Over 770,000 family caregivers in South Carolina provide 737 million hours of 'free' services to their chronically ill, disabled, or frail elderly loved ones each year. If their services had to be replaced by care workers paid $10.04 per hour, the cost would be almost $7.4 billion each year.
Are you a caregiver looking for support?
This page has information about our agency’s mission and programs. If you are a caregiver in need of support, please visit GetCareSC.com to find resources.
Caregiving Takes a Toll
- Unpaid family caregivers provide 80% of all long term care in the U.S.
- Family caregivers are at higher risk for stress, depression, physical and financial problems, and increased mortality. These problems may impede their ability to give care now and support their own care needs in the future.
- The caregiver's own physical health is an influential factor in the decision to place an impaired relative in a long term care facility.
On Our Economy:
- The average caregiver foregoes $659,139 in salary and retirement benefits over the course of a lifetime.
- U.S. businesses lose $11 to $29 billion per year due to decreased productivity by stressed working caregivers and replacement costs when employees resign to become full‐time caregivers.
How Our Programs Help
Most caregivers are ill‐prepared for their role and receive little or no support. Respite, counseling, and support are shown to reduce costs.
Respite is a short break from caregiving. Respite decreases the risk to caregivers, reduces the risk of acute hospital admissions, and helps prevent or delay costly placements in assisted living facilities or nursing homes. Counseling and support groups also improve health outcomes, decrease feelings of loneliness, and extend caregiving.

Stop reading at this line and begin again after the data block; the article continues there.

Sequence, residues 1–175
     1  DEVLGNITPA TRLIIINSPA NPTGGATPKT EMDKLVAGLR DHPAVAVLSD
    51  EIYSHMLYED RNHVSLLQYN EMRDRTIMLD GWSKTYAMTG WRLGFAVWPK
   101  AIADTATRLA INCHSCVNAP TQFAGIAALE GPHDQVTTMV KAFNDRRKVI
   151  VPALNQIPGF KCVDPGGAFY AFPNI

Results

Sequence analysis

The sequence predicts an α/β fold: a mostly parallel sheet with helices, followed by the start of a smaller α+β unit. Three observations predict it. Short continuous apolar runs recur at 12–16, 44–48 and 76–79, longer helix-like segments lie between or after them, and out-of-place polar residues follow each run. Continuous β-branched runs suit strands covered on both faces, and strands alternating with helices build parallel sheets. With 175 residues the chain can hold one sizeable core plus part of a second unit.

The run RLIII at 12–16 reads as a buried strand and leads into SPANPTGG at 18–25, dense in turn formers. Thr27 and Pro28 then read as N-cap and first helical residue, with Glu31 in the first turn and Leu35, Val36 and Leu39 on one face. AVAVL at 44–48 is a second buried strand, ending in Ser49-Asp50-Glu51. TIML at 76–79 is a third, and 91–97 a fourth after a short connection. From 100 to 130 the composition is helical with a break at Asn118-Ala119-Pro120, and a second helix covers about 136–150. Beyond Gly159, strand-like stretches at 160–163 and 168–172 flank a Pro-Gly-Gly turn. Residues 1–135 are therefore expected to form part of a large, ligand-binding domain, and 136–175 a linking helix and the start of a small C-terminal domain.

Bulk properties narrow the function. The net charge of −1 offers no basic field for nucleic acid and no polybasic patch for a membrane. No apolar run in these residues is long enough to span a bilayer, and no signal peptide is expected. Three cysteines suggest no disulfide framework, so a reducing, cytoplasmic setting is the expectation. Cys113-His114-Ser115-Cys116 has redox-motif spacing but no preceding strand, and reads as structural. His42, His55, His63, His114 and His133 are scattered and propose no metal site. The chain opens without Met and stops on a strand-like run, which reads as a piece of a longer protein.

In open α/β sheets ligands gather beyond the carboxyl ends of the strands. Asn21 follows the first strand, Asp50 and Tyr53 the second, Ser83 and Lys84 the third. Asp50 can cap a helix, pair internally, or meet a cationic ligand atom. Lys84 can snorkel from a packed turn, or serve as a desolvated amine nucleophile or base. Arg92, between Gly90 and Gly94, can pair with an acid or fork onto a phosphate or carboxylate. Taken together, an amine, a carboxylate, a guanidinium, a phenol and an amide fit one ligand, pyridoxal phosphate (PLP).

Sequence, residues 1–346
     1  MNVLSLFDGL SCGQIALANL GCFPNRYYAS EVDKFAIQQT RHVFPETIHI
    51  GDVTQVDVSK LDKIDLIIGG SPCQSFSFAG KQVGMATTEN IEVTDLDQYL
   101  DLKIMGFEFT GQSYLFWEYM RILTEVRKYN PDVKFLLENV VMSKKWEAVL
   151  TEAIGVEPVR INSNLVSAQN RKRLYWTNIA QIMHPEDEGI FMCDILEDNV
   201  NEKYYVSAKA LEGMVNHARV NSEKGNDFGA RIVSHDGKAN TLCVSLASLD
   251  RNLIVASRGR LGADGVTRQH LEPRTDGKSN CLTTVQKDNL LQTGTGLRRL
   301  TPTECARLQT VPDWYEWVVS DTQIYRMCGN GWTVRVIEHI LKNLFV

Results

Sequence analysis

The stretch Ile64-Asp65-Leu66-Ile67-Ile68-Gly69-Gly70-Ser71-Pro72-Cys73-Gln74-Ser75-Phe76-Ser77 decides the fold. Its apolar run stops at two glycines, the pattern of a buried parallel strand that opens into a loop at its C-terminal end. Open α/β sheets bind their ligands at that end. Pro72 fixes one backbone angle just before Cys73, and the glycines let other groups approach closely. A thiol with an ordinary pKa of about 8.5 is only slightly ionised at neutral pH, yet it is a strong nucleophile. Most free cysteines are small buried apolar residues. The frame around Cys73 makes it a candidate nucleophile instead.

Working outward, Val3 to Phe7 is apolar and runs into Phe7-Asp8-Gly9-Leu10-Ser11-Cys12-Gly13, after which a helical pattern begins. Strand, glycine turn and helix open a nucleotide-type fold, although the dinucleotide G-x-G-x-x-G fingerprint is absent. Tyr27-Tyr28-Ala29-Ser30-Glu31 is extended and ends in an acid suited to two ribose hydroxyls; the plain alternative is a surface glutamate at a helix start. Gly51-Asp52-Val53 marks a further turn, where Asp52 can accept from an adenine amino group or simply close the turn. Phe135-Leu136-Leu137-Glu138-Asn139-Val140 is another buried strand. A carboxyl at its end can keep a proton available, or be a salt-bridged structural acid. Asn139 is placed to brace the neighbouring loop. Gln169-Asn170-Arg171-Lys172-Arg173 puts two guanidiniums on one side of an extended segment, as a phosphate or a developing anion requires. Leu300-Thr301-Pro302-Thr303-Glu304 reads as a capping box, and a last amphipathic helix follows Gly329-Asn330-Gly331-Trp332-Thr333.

South Carolina Caregiver Support Program
South Carolina's statewide, consumer-directed model builds on current research and best practice to support family caregivers, who are the backbone of our long‐term care system in SC.
Administered locally by the ten Area Agencies on Aging (AAA), each AAA has a full‐time Family Caregiver Advocate who works directly with family caregivers, providing:
- Information and assistance in accessing existing community services
- Support and counseling
- Caregiver training
Eligible caregivers may also obtain a mini‐grant to purchase respite or supplemental services from the provider of their choice.
- Unpaid adults caring for someone who is frail or disabled (60 or older)
- Unpaid adults caring for someone with Alzheimer’s disease
- Grandparents or relative caregivers (55 or older) raising a child 18 or younger
- Grandparents (55 or older) caring for a disabled adult (19‐59 years)
- Regional Family Caregiver Advocates worked one‐on‐one with caregivers, providing counseling, support, and help in gaining access to available community services. Many more caregivers received caregiver information.
- Eligible caregivers receiving a mini‐grant were able to purchase services from the provider of their choice or arrange for a neighbor or family member to provide in‐ home respite. The average respite grant was $460.